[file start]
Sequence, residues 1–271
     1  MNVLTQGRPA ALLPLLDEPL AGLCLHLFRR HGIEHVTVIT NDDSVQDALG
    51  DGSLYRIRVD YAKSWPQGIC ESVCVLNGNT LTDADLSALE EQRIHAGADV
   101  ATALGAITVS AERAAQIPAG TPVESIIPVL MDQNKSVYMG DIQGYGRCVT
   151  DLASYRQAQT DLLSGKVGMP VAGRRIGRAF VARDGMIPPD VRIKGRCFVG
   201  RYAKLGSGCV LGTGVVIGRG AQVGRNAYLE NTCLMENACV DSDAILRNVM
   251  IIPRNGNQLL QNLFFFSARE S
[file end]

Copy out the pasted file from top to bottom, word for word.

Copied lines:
Sequence, residues 1–271
     1  MNVLTQGRPA ALLPLLDEPL AGLCLHLFRR HGIEHVTVIT NDDSVQDALG
    51  DGSLYRIRVD YAKSWPQGIC ESVCVLNGNT LTDADLSALE EQRIHAGADV
   101  ATALGAITVS AERAAQIPAG TPVESIIPVL MDQNKSVYMG DIQGYGRCVT
   151  DLASYRQAQT DLLSGKVGMP VAGRRIGRAF VARDGMIPPD VRIKGRCFVG
   201  RYAKLGSGCV LGTGVVIGRG AQVGRNAYLE NTCLMENACV DSDAILRNVM
   251  IIPRNGNQLL QNLFFFSARE S